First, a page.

Your internet connection is not protected by a VPN.
ISP is an acronym that stands for Internet Service Provider. An Internet Service Provider is a company that provides Internet access to organizations and home users.
In short, an ISP provides you with Internet access, usually for a fee. Without an ISP, you wouldn’t be able to shop online, access Facebook, or read this page. Connecting to the Internet requires specific telecommunications, networking, and routing equipment. ISPs allow users access to networks that contain the required equipment, enabling users to establish Internet connectivity.
ISPs are responsible for making sure you can access the Internet, routing Internet traffic, resolving domain names, and maintaining the network infrastructure that makes Internet access possible.
While the core function of an ISP is to provide Internet access, many ISPs do much more. ISPs also offer services like web hosting, domain name registration, and email services.
At the top of the Internet access pyramid are Tier 1 Internet service providers. A Tier 1 Internet service provider is an ISP that has access to all the networks on the Internet using only network peering agreements they do not have to pay for. To help conceptualize what purpose Tier 1 ISPs serve, think of Tier 1 ISPs as the major highways of the Internet. These ISPs connect all corners of the World Wide Web. Some popular examples of Tier 1 ISPs include Vodacom, Bharti, Deutsche Telekom, British Telecommunications, and Verizon.
Tier 1 Internet service providers sell access to their networks to Tier 2 ISPs. Tier 2 ISPs then sell Internet access to organizations and home users. However, sometimes Tier 1 ISPs may sell Internet access directly to organizations and individuals. Additionally, a second intermediary ISP, referred to as a Tier 3 ISP, may purchase network bandwidth from a Tier 2 ISP before selling that bandwidth to end users.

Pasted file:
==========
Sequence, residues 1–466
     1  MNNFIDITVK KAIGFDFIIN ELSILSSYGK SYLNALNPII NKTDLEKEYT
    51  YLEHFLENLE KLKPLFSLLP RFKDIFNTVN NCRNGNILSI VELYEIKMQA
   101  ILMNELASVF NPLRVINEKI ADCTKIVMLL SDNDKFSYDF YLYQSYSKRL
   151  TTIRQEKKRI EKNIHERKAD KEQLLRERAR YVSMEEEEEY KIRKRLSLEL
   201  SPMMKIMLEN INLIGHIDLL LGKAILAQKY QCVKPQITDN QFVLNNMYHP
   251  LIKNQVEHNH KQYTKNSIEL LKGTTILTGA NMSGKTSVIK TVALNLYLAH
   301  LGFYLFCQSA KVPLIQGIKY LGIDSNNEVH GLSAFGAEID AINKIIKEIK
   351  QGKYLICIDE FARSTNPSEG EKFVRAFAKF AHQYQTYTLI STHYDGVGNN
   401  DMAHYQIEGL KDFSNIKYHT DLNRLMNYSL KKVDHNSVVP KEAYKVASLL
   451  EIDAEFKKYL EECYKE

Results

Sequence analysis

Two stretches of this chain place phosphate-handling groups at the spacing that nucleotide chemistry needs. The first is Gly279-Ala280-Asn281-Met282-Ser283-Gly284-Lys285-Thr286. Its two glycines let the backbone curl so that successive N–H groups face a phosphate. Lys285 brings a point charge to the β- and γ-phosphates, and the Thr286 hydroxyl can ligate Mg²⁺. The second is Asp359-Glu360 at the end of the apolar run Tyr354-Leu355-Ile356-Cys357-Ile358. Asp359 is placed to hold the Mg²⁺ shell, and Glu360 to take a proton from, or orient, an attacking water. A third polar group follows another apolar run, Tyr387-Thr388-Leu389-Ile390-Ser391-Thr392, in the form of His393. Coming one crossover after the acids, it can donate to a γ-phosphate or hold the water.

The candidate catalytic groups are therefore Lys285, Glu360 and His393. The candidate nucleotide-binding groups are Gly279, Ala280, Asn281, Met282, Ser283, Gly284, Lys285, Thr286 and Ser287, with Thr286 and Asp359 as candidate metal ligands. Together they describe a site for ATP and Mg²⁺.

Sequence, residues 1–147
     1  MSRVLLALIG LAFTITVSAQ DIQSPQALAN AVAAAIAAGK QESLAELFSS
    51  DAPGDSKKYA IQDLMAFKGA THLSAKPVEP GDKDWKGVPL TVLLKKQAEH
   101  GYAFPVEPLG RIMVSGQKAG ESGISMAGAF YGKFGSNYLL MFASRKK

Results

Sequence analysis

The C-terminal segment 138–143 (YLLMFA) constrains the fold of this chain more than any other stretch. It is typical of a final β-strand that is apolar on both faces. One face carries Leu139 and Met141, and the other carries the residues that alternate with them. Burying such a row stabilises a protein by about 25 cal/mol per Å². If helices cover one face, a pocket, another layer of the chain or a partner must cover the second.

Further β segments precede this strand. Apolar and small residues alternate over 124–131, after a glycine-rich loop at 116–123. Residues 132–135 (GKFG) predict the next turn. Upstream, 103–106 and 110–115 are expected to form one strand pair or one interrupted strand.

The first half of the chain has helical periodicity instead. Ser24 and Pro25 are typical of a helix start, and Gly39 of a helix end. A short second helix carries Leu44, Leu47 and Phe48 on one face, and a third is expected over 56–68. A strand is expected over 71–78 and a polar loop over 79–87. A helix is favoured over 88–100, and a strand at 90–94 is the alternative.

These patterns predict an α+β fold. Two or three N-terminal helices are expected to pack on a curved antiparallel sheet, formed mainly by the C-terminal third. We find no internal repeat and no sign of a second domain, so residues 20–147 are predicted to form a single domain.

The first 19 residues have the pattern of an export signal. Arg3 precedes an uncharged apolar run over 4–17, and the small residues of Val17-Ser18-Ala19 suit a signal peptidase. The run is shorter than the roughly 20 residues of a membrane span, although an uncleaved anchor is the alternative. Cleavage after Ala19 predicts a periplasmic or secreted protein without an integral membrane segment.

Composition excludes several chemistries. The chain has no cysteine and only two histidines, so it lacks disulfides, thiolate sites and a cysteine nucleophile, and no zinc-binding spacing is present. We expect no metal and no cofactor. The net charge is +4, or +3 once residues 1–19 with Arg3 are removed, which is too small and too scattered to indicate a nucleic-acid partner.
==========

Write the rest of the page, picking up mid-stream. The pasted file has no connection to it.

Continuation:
When traffic is routed from your home network to the Internet, it goes through a number of hops before reaching its destination. For example, traffic may travel from your modem, to your Tier 3 ISP’s network, to a Tier 2 ISP’s network, to a Tier 1 ISP’s network, then back down through a different set of ISPs before reaching the destination.
The underlying technology that ISPs use to establish connectivity can be based on analog telephone lines (dial-up), DSL, cable, satellite, Wi-Fi, fiber optics, or other connectivity mediums. The reason many cable and telephone providers are also ISPs is because their underlying infrastructure can accommodate Internet traffic.
No, organizations and home users need an ISP to be able to access the Internet. If your ISP is down, you will not be able to access the Internet unless you have access through another ISP. Organizations that require redundant Internet connections may use a cellular service provider or secondary ISP connection to another provider for backup. A popular way for home users to work around Internet connectivity outages is to use their cell phone to continue working or as a mobile “hotspot”.
According to the United States Federal Communications Commission (FCC), broadband Internet speeds are defined as 25 Mbps download and 3 Mbps upload. Average broadband speeds across the globe can vary from less than 1 Mbps to over 50 Mbps. The ability to get speeds equivalent to or faster than broadband will depend on the types of service your ISP offers.
Dial-up speeds fall well below broadband speeds. Dial-up depends on older analog technologies.
Digital Subscriber Line (DSL) and satellite connections are generally faster than dial-up, but still usually fall short of the broadband benchmarks.
Cable connections can well exceed the FCC requirements for broadband Internet speeds and serve as a good choice for reliable, fast Internet connections.
Fiber optic connections are generally the fastest of all the options listed here. If you are looking for speeds in the 1GB or higher range, fiber optic may be the best choice.
Yes, there are still some “freenets”. Freenets are ISPs that offer free Internet access. Generally these ISPs offer limited hours of access and limited speeds. Additionally, freenets often include banner ads to generate revenue. Two ISPs that still offer some level of free access, both supported by ads, are Juno and Net Zero.